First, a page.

Being an autistic person profoundly shapes who I am as a leader. My road to diagnosis makes me incredibly empathetic to others, because we never know what someone may be dealing with in their personal life. I am very careful to ensure my staff have the support they need to accommodate their health needs and personal lives alongside their work, because for myself the flexible remote work environment has allowed me to thrive.  

When it comes to the day-to-day work of running a nonprofit, the structure and execution of nonprofit strategy is a passion of mine, and one that I throw all my faculties into. It energizes me to a degree I feel is amplified by my autism.  

What are your goals for CNF during your tenure?

From our annual needs assessment we know that nearly half of caregivers report being in crisis daily and needing some or significant help with finances, treatment, mental health, or care coordination. My goal is to elevate families out of crisis mode, and into joy; the simple and universal joys of being with family day to day and the personal joys of pursuing fulfillment.  

In pursuit of that goal, I support the CNF staff and their hard work in execution of the mission and serve as a collaborator with our partner organizations and donors on imagining a world in which all children affected by neurologic disorders reach their full potential.  

As I oversee CNF during this time of transition, I am working closely with the Board of Directors to facilitate strategic planning for the future. In early 2025 a formal executive search process for the permanent executive director will be decided on.  

How do you plan to engage with the CNF community and stakeholders to help achieve CNF’s mission?

The CNF team is well connected in the neurology community and we are fortunate to have a very passionate base of donors. I will continue the CNF tradition of fostering those relationships while also creating new partnerships, hosting educational workshops, and establishing support networks for families. Additionally, fostering connections with medical professionals through conferences and joint initiatives can ensure comprehensive care. Such collaborative efforts are essential for building a supportive ecosystem that empowers children and their families to navigate the challenges of neurologic conditions.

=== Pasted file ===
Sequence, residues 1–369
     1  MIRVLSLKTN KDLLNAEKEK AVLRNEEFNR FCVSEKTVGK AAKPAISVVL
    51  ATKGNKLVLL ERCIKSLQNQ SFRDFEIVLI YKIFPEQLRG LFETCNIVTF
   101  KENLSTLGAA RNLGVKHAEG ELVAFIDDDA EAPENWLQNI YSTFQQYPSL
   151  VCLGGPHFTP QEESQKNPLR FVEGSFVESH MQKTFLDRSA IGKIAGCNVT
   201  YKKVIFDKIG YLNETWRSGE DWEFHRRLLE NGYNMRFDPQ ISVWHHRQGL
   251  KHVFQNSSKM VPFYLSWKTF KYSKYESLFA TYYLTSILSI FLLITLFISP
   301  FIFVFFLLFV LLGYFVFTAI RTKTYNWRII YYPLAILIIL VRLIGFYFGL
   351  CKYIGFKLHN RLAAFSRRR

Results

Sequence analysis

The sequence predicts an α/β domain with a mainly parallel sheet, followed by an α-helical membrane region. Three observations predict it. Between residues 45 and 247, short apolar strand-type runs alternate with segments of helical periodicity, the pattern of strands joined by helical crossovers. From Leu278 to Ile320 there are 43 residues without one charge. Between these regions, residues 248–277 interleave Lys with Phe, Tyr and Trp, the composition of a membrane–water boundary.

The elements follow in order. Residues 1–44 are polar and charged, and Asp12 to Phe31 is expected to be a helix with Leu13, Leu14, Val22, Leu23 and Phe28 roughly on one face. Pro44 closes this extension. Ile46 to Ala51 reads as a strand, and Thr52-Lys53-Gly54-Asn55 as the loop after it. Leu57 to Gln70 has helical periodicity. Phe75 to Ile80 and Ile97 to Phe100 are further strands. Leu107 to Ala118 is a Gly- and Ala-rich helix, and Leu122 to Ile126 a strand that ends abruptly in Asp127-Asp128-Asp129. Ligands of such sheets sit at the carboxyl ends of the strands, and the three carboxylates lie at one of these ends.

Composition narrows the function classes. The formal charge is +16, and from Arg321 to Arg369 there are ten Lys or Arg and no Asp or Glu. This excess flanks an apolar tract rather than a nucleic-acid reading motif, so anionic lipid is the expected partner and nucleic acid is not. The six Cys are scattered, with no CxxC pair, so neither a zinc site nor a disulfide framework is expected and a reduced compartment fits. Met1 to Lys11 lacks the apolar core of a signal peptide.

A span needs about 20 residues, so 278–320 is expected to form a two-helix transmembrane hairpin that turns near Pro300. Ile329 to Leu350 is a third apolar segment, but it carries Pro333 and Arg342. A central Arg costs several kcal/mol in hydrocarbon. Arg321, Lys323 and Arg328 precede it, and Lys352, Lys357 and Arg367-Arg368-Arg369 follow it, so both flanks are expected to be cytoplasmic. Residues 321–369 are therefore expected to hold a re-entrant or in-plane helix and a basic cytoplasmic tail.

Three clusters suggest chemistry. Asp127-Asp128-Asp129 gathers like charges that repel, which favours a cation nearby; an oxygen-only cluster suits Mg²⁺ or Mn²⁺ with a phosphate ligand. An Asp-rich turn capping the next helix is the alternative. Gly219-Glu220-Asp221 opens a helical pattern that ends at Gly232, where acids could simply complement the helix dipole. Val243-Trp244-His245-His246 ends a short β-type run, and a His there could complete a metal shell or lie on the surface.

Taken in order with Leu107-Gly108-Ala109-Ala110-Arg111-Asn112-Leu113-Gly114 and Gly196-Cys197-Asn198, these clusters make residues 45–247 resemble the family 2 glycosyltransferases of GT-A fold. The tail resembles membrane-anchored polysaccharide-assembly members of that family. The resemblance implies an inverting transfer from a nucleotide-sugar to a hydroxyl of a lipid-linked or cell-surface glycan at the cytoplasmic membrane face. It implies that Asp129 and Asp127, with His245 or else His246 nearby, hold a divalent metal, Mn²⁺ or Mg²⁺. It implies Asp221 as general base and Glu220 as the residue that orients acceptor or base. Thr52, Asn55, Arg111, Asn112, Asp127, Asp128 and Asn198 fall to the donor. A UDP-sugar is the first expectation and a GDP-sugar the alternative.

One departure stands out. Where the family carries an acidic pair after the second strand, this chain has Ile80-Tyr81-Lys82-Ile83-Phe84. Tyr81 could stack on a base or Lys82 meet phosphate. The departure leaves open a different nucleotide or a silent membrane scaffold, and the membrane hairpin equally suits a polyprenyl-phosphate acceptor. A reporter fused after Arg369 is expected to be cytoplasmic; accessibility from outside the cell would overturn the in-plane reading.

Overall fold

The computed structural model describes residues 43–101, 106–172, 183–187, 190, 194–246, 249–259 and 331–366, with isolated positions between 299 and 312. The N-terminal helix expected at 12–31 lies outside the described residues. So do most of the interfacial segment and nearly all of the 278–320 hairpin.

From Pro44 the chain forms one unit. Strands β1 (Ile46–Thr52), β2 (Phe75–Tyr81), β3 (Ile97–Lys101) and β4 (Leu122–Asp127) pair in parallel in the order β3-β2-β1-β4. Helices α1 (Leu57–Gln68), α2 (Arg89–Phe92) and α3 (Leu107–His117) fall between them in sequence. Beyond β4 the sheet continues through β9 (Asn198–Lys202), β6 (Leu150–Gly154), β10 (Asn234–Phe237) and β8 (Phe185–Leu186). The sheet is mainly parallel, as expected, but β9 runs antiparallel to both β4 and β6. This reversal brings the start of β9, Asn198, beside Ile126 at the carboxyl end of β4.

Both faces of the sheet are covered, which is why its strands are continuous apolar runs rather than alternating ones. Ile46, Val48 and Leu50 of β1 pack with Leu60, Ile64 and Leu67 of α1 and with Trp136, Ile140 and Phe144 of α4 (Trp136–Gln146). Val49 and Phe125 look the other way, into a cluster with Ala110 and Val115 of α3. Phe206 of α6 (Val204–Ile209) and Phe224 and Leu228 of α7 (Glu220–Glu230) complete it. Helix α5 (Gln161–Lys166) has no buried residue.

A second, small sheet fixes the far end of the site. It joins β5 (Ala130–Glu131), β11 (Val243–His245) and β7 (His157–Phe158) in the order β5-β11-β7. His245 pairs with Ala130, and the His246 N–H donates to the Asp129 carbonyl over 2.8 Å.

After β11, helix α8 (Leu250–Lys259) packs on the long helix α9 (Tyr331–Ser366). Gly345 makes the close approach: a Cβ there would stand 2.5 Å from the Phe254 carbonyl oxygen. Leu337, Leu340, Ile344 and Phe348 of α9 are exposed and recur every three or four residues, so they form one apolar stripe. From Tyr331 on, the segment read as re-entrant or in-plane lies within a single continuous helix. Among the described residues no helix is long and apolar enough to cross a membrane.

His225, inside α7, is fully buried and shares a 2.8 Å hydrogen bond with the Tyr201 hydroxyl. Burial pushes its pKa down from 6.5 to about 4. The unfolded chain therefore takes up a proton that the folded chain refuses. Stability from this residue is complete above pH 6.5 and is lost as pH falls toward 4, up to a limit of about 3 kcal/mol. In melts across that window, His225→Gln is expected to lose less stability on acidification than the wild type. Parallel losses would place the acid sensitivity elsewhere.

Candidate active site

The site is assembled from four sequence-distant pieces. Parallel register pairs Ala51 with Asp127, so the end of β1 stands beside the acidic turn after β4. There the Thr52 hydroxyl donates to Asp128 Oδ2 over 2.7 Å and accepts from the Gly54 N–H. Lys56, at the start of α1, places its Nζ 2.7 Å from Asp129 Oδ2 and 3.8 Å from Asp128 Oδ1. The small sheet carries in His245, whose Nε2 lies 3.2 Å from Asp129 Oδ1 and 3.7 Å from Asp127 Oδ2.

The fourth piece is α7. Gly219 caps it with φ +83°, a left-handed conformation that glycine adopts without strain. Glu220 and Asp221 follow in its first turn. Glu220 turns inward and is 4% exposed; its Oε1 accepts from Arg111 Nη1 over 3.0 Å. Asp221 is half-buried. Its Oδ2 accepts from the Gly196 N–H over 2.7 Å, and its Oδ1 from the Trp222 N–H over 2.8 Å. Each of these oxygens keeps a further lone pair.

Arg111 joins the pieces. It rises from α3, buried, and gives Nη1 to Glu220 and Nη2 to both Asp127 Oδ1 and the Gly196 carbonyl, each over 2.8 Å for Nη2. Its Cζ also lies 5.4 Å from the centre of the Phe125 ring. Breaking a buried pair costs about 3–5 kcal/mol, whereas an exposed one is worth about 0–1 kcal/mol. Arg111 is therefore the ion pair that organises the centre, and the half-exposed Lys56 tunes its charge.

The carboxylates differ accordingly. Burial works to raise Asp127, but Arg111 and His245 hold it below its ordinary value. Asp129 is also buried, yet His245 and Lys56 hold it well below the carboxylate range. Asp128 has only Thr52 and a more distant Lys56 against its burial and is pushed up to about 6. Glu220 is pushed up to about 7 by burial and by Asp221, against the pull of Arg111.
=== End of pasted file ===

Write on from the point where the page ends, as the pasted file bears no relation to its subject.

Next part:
What excites you most about the future of CNF?

There are a lot of exciting things happening at CNF right now, but I think the potential of the Neurology Social Services Network and the Learning Portal are high on the list. In my prior role as Director of Finance and Technology I oversaw the implementation of these systems, and now they are actively improving the quality of care and the quality of life for children and their families in our community.  

Can you tell us more about the Neurology Social Services Network (NSSN) and the CNF Learning Portal? 

These two CNF programs are really exciting to me because these both serve a need in the child neurology community and they are a result of a multi-year investment at CNF in building technology and infrastructure that can support these programs. 

We spent a lot of time researching learning management systems and chose a technology partner for our CNF Learning Portal that’s user friendly for both caregivers and clinicians. Beginning this summer, anyone can register to take a course—including ones that offer CME for our clinician partners—in a centralized, easily navigable location that fosters collaborative learning among all registrants, even though these classes are virtual. This makes these classes more accessible for individuals who may not live near the places where big conferences take place or need flexible choices, and CNF offerings are free or low-cost to ensure everyone who wants to learn more about the challenges we’re facing in child neurology can do so. 

I also love seeing the growth of our NSSN program, which now has more than 80 members! This expansion, which is driven by the CNF team, is made possible because of the digital platform provided by Unite Us. The family support that CNF offers is leveled up by the Unite Us technology that forms a coordinated care network of cross-sector partners from healthcare, government, nonprofit, and other organizational spaces connected through this technology. That’s what makes it possible for CNF to make coordinated referrals to local services that help and empower a family on their child neurology journey. 

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About Child Neurology Foundation

The Child Neurology Foundation (CNF) is a leading nonprofit organization dedicated to supporting children and their families living with neurologic conditions. Our vision is to create a world in which all children affected by neurologic disorders reach their full potential. We work closely with families, healthcare professionals, researchers, and advocacy groups to provide essential resources, foster connections, and drive research and innovation in the field of child neurology.

For more information, please visit our homepage at or contact us at [email protected].